"As for the online stuff, I think this is by far our biggest social marketing campaign, Michelle Leroux (director of public relations and social media for the festival) has pretty much killed it there...

"This will also be the biggest year for our webcasts. Freecaster ( is a new partner, they do all the UCI World Cup events and it will be great to have those guys on board. We also have streaming on Pink Bike (, and Red Bull TV ( is also carrying Joyride. is putting everything on their website, which is a big consumer-focused opportunity for us."

The Crankworx iPhone App has been available since July 8 and the Android App and mobile website were out this week.

As for the decision to make the live music component free this year - as opposed to the wristband system from recent years - Kinnaird said they wanted to make a splash in the village to draw people into the festival. The goal, he said, is to drive room nights. As for the parties, he said they're leaving it up to sponsors like Kokanee and Red Bull to create that atmosphere in the village. On the cultural side, Kinnaird also expects the Deep Summer Photo Challenge to sell out once again (if it hasn't already by press time).

The total economic impact on Whistler is hard to pin down, and varies from year to year. However, in 2006 the Western Canada Mountain Bike Tourism Association did a study that determined mountain biking generated $34.3 million in direct economic activity from June 4 to Sept. 17.

The Whistler Mountain Bike Park was credited for roughly half of that revenue, while Crankworx 2006 (the first was in 2004) was credited for bringing 55,000 people to the resort (less than half the 2010 total) and generating $11.5 million in spending over 10 days.

And Whistler is just one part of a growing provincial mountain bike industry, with destinations in Squamish, the North Shore, the Okanagan, the Kootenays, the Sunshine Coast, Vancouver Island and so on.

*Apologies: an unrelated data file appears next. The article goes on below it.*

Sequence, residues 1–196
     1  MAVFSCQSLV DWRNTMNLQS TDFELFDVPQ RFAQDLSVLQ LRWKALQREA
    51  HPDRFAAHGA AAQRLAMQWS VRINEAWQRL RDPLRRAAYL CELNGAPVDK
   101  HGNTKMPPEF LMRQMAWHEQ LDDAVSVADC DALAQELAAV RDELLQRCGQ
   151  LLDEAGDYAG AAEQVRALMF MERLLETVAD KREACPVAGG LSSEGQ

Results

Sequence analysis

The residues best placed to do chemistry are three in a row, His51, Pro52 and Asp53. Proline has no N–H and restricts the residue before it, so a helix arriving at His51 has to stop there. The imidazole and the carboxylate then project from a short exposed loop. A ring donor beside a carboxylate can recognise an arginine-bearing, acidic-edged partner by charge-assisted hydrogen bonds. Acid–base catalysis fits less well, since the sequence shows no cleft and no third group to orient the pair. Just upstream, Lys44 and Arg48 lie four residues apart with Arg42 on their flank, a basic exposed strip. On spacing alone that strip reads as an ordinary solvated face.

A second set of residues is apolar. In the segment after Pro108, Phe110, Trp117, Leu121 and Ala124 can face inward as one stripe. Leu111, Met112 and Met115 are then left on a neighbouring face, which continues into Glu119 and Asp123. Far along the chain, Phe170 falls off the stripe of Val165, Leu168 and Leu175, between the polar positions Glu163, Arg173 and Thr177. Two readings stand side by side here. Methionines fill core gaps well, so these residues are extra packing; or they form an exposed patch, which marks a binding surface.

The Province of B.C. announced a new B.C. Mountain Bike Tourism Plan in 2010, recognizing the value of the industry while pledging $250,000 per year to promote B.C. as a leading mountain bike destination.


The changing two-wheel industry

As industries go, cycling is a growth industry around the world. The particulars change from year to year, but these days road riding is leading the popularity contest - just look at events like the RBC GranFondo, which will bring 6,500 riders from Vancouver to Whistler on Sept. 10.

BMX is also making a huge resurgence in popularity, boosted by the sport's inclusion in the Olympic schedule since 2008, and its prominence at events like the Summer X Games.

Commuter bikes of all descriptions are selling quite well as the price of gas reaches new heights and city planners are starting to overlay bicycle networks onto urban roadways.

But while mountain bike sales are down slightly - a result of people buying fewer bikes and spending less per bicycle - it's still a healthy industry. At one point in the 1980s, mountain bikes represented roughly 60 per cent of all sales in the U.S., although that number declined to around 22 per cent in 2010. Before the economic crisis of 2008, mountain bikes represented 25 to 30 per cent of the entire market. Given the number of things people use bikes for, that's a huge market share.